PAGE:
Honduras’ top agricultural official was in Washington in early October to provide a first-hand account of how the Foreign Agricultural Service’s Food for Progress Program is helping improve rural livelihoods, boost agricultural productivity, enhance food security and ensure stability in his country.
During his visit to the U.S. Department of Agriculture, Honduran Secretary of Agriculture and Livestock Jacobo Paz touted Food for Progress-supported efforts to promote Honduran production of marketable and exportable products such as avocados, cacao and honey, as well as improve production of corn, an important staple in Honduras.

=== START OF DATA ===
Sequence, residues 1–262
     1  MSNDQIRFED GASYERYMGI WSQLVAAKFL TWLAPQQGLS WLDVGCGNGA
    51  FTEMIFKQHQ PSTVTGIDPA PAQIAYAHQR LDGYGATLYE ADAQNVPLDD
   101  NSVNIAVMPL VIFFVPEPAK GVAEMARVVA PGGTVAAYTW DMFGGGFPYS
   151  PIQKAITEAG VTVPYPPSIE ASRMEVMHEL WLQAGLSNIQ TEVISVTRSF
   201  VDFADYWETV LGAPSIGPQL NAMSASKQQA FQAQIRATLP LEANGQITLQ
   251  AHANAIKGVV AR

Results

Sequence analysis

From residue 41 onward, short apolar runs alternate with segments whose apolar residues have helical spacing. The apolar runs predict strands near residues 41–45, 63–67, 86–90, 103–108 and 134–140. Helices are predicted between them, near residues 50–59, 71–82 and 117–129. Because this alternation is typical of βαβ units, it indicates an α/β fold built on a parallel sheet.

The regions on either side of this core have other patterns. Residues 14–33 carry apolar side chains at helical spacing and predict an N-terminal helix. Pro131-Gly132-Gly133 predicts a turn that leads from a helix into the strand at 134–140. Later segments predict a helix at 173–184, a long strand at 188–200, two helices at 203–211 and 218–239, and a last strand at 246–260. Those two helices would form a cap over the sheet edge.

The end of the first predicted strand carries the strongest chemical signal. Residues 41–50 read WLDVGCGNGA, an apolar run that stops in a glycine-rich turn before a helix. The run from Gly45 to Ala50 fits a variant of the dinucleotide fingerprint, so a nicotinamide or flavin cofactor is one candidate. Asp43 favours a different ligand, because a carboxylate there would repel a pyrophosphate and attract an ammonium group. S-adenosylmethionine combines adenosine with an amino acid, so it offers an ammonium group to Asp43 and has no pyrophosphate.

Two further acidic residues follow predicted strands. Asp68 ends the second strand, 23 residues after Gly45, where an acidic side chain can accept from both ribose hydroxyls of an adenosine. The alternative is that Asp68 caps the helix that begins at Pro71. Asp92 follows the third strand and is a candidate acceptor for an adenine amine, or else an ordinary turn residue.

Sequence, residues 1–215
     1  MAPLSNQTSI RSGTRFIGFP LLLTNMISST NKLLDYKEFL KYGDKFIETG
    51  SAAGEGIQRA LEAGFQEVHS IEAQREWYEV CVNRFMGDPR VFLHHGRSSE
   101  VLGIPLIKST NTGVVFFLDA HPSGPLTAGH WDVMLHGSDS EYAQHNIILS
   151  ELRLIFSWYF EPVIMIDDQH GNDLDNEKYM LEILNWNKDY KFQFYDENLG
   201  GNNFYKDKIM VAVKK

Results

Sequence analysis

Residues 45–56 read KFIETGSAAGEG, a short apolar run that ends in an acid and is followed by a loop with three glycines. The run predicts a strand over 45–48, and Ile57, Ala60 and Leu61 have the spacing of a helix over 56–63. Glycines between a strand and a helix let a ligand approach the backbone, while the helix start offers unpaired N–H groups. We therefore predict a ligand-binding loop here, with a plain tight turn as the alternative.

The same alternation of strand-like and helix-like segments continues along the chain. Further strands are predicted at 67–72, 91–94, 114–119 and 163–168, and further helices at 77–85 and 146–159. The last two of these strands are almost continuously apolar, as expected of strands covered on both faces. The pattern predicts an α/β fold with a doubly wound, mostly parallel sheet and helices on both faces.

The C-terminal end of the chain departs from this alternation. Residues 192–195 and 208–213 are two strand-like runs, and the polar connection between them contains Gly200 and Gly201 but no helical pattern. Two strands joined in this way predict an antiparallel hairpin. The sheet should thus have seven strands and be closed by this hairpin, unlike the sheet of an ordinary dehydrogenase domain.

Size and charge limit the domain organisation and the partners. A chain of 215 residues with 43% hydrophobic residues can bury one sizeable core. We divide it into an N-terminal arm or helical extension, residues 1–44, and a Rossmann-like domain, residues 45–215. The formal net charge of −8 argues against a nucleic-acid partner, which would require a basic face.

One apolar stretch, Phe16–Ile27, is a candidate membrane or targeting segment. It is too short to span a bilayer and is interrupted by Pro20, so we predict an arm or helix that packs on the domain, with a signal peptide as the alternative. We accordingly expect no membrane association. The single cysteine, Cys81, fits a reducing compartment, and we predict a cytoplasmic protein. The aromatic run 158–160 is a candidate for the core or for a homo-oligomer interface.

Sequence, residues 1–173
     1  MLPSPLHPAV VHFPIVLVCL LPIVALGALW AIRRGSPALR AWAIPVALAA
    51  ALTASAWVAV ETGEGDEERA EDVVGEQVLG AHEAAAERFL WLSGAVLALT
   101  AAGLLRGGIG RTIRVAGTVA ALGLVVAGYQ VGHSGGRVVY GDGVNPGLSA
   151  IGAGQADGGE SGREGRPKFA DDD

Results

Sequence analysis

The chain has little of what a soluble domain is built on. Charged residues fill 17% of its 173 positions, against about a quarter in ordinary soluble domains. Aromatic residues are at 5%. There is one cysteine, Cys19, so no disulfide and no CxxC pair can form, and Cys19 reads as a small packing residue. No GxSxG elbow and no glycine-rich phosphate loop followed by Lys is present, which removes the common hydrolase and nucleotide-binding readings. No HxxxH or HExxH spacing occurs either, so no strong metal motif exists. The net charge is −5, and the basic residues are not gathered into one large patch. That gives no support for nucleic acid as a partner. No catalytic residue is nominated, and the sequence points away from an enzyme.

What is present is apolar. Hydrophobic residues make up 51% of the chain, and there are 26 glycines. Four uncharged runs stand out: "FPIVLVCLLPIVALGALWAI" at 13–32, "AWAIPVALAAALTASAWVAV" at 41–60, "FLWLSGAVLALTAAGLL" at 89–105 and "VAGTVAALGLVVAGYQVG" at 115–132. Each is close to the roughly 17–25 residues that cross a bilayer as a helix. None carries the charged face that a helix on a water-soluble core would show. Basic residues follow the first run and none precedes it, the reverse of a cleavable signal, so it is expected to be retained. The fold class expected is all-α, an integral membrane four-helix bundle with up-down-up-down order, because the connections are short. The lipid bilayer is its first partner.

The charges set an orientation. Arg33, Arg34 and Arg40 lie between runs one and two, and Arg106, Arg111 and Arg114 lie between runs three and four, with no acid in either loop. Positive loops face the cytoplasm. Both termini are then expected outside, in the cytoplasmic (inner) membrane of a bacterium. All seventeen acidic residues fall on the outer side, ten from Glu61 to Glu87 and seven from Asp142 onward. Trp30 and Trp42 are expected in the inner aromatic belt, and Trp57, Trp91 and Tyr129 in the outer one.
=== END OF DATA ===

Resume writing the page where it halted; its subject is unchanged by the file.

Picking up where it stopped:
“The strategy is to work with small farmers,” Paz said. “There is an opportunity for improving productivity, which will mean a big change of income for those families.”
Paz said Food for Progress efforts are giving Honduran youth more reasons to remain close to their families and rural communities. In fact, with Food for Progress assistance, Honduras has set up agricultural training schools for its young people.
“They may start their own small business or they may start working for the farm that belongs to their family and work for other farms in the area, and that will improve their income,” Paz said, noting that young people who find jobs in agriculture are less inclined to move to the city or to another country.
By supporting agricultural, economic and infrastructure development projects, Food for Progress helps developing countries modernize and strengthen their agricultural sectors, ultimately enhancing their ability to engage in international trade.